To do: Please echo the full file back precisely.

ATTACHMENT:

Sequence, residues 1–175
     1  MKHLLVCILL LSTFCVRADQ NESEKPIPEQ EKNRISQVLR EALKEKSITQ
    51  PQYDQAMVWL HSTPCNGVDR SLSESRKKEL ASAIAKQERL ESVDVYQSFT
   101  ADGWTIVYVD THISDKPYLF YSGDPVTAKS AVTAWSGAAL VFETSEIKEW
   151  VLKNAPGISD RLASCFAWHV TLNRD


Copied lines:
Sequence, residues 1–175
     1  MKHLLVCILL LSTFCVRADQ NESEKPIPEQ EKNRISQVLR EALKEKSITQ
    51  PQYDQAMVWL HSTPCNGVDR SLSESRKKEL ASAIAKQERL ESVDVYQSFT
   101  ADGWTIVYVD THISDKPYLF YSGDPVTAKS AVTAWSGAAL VFETSEIKEW
   151  VLKNAPGISD RLASCFAWHV TLNRD